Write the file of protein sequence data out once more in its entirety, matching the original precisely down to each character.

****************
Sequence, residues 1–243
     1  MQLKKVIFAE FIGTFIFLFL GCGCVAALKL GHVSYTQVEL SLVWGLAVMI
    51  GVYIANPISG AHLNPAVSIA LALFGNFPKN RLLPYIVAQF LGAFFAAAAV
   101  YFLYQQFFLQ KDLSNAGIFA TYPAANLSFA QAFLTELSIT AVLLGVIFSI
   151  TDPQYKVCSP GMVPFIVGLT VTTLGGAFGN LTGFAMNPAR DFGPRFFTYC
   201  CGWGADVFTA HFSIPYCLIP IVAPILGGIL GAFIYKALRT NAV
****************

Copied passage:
Sequence, residues 1–243
     1  MQLKKVIFAE FIGTFIFLFL GCGCVAALKL GHVSYTQVEL SLVWGLAVMI
    51  GVYIANPISG AHLNPAVSIA LALFGNFPKN RLLPYIVAQF LGAFFAAAAV
   101  YFLYQQFFLQ KDLSNAGIFA TYPAANLSFA QAFLTELSIT AVLLGVIFSI
   151  TDPQYKVCSP GMVPFIVGLT VTTLGGAFGN LTGFAMNPAR DFGPRFFTYC
   201  CGWGADVFTA HFSIPYCLIP IVAPILGGIL GAFIYKALRT NAV